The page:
Wilson has already been to two Super Bowls, a feat only one player on this list can best. Wilson is 1-1 in the big game and has extensive postseason experience, at least compared to the quarterbacks listed so far. In 2017, Wilson was an MVP candidate until the final few weeks of the season. His total numbers haven’t been on that level this year, but he still set personal bests in passing touchdowns (35), quarterback rating (110.9), and tied his career low for interceptions in a season with seven. The Seahawks offense is focused less on Wilson this year and more on the team’s league-leading running game. That certainly helped Wilson out this season and it will help the Seahawks out during the playoffs.
Since the run game is working so well, I have a lot of confidence in Wilson because he no longer has to go off to win big games. I mean, the Seahawks rolled over the Minnesota Vikings in Week 14 and Wilson threw for just 72 yards. He didn’t even have to throw for 300 yards when the Seahawks beat the Kansas City Chiefs and he only passed for 185 yards (with four touchdowns) when Seattle put up 43 points in Week 13.
Rivers was an MVP candidate coming down the stretch, but he fell off in the final quarter of the season. Through the last four games of the season, he threw just four interceptions compared to six interceptions. He also posted a 75.3 rating during this stretch. Rivers is a future Hall of Fame quarterback and has the ability to bounce back in the playoffs, but he’s cooled off after a strong start to the year. Rivers also doesn’t have the best track record in the playoffs. In nine career playoff games, his completion percentage is 60.2, he’s thrown just 11 touchdowns and nine interceptions, and his rating is 85.2. He has a good chance to improve those numbers this time around, but I’m not completely confident in him.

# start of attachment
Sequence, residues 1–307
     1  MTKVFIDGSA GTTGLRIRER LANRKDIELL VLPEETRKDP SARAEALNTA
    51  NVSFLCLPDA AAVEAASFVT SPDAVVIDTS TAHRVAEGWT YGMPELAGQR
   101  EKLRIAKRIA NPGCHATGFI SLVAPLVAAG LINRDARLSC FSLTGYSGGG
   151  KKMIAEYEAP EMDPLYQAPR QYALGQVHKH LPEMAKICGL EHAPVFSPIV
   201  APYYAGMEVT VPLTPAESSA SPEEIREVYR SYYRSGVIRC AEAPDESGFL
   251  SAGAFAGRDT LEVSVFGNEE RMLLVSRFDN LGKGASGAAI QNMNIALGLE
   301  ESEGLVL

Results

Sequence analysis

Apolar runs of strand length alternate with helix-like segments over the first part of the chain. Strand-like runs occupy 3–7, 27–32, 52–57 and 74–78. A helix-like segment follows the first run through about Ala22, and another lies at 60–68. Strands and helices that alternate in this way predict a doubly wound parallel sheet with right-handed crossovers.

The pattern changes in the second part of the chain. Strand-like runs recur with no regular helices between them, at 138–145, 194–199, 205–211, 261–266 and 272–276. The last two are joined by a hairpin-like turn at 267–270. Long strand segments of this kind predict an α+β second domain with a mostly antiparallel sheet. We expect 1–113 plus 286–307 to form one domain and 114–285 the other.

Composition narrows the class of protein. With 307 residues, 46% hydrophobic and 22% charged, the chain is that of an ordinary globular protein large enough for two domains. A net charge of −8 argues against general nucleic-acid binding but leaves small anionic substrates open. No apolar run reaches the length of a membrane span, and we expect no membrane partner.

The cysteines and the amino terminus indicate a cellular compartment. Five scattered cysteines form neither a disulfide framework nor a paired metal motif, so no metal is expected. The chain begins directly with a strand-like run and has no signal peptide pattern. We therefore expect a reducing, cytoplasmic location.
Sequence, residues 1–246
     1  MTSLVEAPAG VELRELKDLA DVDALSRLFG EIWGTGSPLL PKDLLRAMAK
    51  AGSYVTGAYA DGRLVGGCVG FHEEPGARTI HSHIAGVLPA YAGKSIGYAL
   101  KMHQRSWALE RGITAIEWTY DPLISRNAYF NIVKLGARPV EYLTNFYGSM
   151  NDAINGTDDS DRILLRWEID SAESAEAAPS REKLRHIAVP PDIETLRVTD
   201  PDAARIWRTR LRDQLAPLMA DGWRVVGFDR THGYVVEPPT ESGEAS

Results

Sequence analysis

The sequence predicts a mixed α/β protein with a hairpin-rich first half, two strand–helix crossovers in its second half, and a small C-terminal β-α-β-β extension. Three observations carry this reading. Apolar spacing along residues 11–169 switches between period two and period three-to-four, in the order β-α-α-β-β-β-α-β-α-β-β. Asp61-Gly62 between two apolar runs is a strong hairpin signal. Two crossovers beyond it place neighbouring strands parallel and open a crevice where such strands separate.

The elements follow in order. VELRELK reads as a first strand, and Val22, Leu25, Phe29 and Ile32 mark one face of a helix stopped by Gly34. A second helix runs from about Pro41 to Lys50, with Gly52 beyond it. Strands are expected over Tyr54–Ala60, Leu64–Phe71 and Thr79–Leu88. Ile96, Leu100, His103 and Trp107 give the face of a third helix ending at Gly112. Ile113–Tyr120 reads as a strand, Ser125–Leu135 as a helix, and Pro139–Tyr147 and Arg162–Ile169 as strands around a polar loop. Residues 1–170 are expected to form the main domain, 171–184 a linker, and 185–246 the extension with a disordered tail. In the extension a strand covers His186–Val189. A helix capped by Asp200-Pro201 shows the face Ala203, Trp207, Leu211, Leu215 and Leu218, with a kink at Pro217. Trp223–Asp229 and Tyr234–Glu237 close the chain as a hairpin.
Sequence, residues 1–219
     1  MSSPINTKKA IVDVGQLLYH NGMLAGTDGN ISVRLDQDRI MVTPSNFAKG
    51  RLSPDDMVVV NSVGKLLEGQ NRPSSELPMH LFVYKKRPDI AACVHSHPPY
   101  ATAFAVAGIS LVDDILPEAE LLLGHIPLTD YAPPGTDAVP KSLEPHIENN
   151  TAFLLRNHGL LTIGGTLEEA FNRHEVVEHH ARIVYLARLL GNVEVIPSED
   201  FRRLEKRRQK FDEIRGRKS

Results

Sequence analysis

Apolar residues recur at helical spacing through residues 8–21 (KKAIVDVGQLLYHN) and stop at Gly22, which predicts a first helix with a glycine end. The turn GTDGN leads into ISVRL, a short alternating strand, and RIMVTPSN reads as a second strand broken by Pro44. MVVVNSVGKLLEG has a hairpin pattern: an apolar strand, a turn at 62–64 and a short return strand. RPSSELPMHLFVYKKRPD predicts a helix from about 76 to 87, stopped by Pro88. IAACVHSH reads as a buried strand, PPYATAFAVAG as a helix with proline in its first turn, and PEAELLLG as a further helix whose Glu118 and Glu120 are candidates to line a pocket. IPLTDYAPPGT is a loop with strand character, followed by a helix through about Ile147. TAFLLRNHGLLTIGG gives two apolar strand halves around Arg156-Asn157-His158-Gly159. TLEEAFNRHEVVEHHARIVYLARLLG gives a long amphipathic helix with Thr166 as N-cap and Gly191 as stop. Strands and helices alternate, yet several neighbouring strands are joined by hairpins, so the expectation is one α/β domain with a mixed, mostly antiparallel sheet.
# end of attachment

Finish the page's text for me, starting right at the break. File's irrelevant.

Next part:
After enduring the mental struggle of overcoming a career-threatening injury and bouncing back at a Pro Bowl level, I don’t think Luck will be easily shaken this postseason. Yes, he’s prone to taking chances and occasionally puts on his Brett Favre gun-slinger hat, but he actually has a lower interception percentage this season than Rivers. The one area that sometimes worries me about Luck is his completion percentage. As I said, he likes to sling it. However, Luck set a personal best in completion percentage this season with 67.3%. He also put up his best quarterback rating ever (98.7).
For those who knock Luck’s postseason experience, he led the Colts to the Conference Championship game in 2014 and pulled off that memorable Wild Card weekend comeback against the Kansas City Chiefs in 2013. He does have a disturbing touchdown to interception ratio in the postseason though (9:12) and a low completion percentage (56.5%).
After crossing 5,000 passing yards and 50 passing touchdowns in Week 17, I think Mahomes secured the MVP this year. It’s crazy to think this guy is just in his second professional season. That does mean he’s never been in a playoff game before though. He did watch from the bench last season when Alex Smith and the Chiefs lost to the Tennessee Titans in the Wild Card round, but that doesn’t count. Even if he’s playing in his first playoff action, Mahomes has been so good this year and is so naturally talented that I can’t see him having a terrible game. He might not have all great games, but they’ll be good enough for the Chiefs to win some games and maybe compete for a Super Bowl. The one thing the Chiefs have to worry about is the version of Mahomes from Week 11, the one who threw three interceptions and fumbled twice. That’s not the guy Andy Reid wants to show up in the playoffs.
Putting Brady ahead of Mahomes on this list was a hard decision. I wanted to rank Mahomes higher, but Brady has gone to the last two Super Bowls and is known for getting it done when it matters most. He’s the most experienced quarterback in the playoffs this year and that will definitely help him at some point this postseason. While Brady didn’t put up MVP numbers this season like he did last year, he still played at a Pro Bowl level. He may be more limited physically now that he’s 41 years old, but his mind is still sharp enough to land him at this spot.
He may have thrown four interceptions in the final five weeks of the season, but he only had five total interceptions on the season to go along with his record-setting completion percentage (74.4%) and 32 passing touchdowns. Brees also led the league in game-winning drives and fourth quarter comebacks. He may not win the MVP award, and he probably won’t after Mahomes’ final push during the regular season, but Brees is still the most consistent and reliable quarterback in this year’s playoffs.